Or this passage could refer to the prophet Jeremiah. Jeremiah did suffer greatly at the hands of the Israelites in and around Jerusalem, and ended up exiled in Egypt for a while. Jeremiah was absolutely righteous but suffered greatly with his fellow Israelites.
Or, this passage could refer to Moses. The books of Exodus, Numbers, and Deuteronomy certain portray Moses as suffering greatly at the hands of the unfaithful, whining Israelites.
This passage was also a key point of departure between the Sadducees and the Pharisees. At the center of the argument is the second line of verse 10. “He shall see his offspring, and shall prolong his days; through him the will of the Lord shall prosper.” This can also be translated, “He might see offspring and have long life, and that through him the Lord’s purpose might prosper.” This passage in its original Hebrew can be understood as referring to resurrection from the dead, or merely as self sacrifice to make way for prosperity of one’s offspring. The Pharisees understood it to refer to resurrection and the Sadducees did not.
Because you have made the Lord your refuge,*
the Most High your dwelling-place,
10 no evil shall befall you,
no scourge come near your tent.
11 For he will command his angels concerning you
to guard you in all your ways.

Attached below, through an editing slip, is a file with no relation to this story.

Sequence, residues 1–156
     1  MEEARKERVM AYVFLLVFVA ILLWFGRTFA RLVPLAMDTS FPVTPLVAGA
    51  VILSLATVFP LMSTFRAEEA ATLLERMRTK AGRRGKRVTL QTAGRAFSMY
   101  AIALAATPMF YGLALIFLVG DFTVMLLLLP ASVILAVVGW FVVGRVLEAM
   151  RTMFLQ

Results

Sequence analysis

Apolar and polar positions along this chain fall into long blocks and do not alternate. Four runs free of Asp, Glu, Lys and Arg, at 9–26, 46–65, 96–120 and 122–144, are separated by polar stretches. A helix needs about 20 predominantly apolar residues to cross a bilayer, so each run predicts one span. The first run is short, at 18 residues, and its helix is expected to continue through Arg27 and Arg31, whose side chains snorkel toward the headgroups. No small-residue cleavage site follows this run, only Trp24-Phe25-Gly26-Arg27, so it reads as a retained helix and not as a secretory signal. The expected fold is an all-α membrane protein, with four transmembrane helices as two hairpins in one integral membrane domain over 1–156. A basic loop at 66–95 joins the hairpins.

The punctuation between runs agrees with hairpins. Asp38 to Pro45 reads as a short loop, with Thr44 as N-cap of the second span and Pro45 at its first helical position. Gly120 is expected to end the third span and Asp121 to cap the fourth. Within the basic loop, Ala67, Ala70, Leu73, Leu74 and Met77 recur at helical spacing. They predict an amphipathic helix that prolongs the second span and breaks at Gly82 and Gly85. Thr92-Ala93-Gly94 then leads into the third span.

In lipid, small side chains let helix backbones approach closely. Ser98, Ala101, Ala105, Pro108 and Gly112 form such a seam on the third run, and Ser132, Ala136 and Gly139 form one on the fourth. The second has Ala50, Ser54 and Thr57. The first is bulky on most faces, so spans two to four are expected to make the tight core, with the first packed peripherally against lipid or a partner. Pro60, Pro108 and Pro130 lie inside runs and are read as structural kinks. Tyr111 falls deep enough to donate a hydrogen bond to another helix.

12 On their hands they will bear you up,
so that you will not dash your foot against a stone.
13 You will tread on the lion and the adder,
the young lion and the serpent you will trample under foot.
14 Those who love me, I will deliver;
I will protect those who know my name.
15 When they call to me, I will answer them;
I will be with them in trouble,
I will rescue them and honor them.
16 With long life I will satisfy them,
and show them my salvation.
This is the psalm which inspired the hymn “On Eagle’s Wings”. The portions of this psalm selected for this week illustrate first the speaker, who admonishes the faithful to remain so by stating the benefits of their faithful, and then God, who promises rescue, honor, and long life to those who remain devoted to God.
It is also from this psalm, and a couple other passages in the Bible that snake handling within the Christian community developed. This is not a recent phenomena, but developed within a sect of very early Christians who used snake handling as proof that the Holy Spirit was with them, because it was protecting the handling from being bitten. In the US, snake handling is done within certain sects of the Pentecostal Church.